This bit from the hymn, "Jesus, I Come" is one of four verses. I am posting it in order to boast. I am boasting in the grace of God, which I have recently seen powerfully manifested in the life of a dear brother. All glory to God.
"Out of my shameful failure and loss,
Jesus, I come; Jesus, I come.
Into the glorious gain of Thy cross,
Jesus, I come to Thee.
Out of earth’s sorrows into Thy balm,
Out of life’s storm and into Thy calm,
Out of distress to jubilant psalm,
Jesus, I come to Thee!"
This bit is from the poem, "Lay of the Last Minstrel," Canto III. Think Romeo and Juliet, except replace Italy with Scotland, and warring families with feuding clans. The Baron (Cranstoun) is the Scottish "Romeo," who has just finished visiting his "Juilet," while the Borderer (Deloraine) is a knight from Juliet's family.
"Their very coursers seemed to know
That each was other's mortal foe;
And snorted fire, when wheeled around,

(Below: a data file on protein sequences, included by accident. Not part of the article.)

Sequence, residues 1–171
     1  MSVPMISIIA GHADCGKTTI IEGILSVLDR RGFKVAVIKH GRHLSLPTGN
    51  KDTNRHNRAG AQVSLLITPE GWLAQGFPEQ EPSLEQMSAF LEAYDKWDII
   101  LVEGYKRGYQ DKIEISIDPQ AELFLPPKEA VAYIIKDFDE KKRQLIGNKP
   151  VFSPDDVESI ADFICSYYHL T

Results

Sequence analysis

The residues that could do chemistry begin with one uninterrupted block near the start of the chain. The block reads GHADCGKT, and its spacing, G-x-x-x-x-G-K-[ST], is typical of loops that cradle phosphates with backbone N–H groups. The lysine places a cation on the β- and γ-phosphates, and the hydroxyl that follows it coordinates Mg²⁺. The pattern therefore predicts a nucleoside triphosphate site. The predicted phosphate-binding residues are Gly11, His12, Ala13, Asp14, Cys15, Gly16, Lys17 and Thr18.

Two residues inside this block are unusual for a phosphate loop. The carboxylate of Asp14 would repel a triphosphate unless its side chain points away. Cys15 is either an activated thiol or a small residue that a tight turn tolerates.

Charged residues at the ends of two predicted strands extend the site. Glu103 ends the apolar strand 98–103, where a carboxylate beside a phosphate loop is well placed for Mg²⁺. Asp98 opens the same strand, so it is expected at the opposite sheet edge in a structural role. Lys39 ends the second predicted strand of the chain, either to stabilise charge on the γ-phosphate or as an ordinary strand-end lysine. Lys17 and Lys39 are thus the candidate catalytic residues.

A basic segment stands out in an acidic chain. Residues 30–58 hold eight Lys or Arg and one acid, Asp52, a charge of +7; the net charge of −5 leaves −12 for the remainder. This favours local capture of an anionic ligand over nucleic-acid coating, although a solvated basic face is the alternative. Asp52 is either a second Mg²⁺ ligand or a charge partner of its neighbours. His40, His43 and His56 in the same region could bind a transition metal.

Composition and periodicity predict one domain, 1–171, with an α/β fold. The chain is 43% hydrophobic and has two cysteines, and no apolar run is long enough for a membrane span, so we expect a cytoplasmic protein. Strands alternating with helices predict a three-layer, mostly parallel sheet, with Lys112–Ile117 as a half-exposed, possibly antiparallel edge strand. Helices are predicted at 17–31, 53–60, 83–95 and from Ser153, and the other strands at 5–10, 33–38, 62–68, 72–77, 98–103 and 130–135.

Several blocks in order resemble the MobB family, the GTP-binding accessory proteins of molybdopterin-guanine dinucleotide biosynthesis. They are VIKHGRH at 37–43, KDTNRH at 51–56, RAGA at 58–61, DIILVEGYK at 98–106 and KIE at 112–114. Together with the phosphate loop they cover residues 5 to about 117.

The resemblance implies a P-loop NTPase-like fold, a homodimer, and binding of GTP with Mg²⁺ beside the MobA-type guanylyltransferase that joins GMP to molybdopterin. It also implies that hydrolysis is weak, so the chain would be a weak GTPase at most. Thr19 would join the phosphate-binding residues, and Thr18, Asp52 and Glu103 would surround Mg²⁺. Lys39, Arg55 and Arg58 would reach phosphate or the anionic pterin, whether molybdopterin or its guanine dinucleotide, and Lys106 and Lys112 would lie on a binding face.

To give each knight his vantage-ground.
In rapid round the Baron bent;
He sighed a sigh, and prayed a prayer.
The prayer was to his patron saint,
The sigh was to his ladye fare.
Stout Deloraine nor sighed, nor prayed,
Nor saint, nor ladye, called to aid;
But he stooped his head, and couched his spear
And spurred his steed to full career.
The meeting of these champions proud
Seemed like the bursting thunder-cloud.
Stern was the dint the Borderer lent!
The stately Baron Backwards bent;
Bent backwards to his horse's tail,
And his plumes went scattering on the gale;
The tough ash spear, so stout and true,
Into a thousand splinters flew.
But Cranstoun's lance, of more avail,
Pierced through, like silk, the Borderer's mail;
Through shield, and jack, and action, passed,
Deep in his bosom broke at last -
Still sate the warrior saddle-fast,
Till, stumbling in the mortal shock,
Down went the steed, the girthing broke,
Hurled on a heap lay man and horse.
The Baron onward passed his course;
Nor knew - so giddy rolled his brain -
His foe lay stretched upon the plain."
- Sir Walter Scott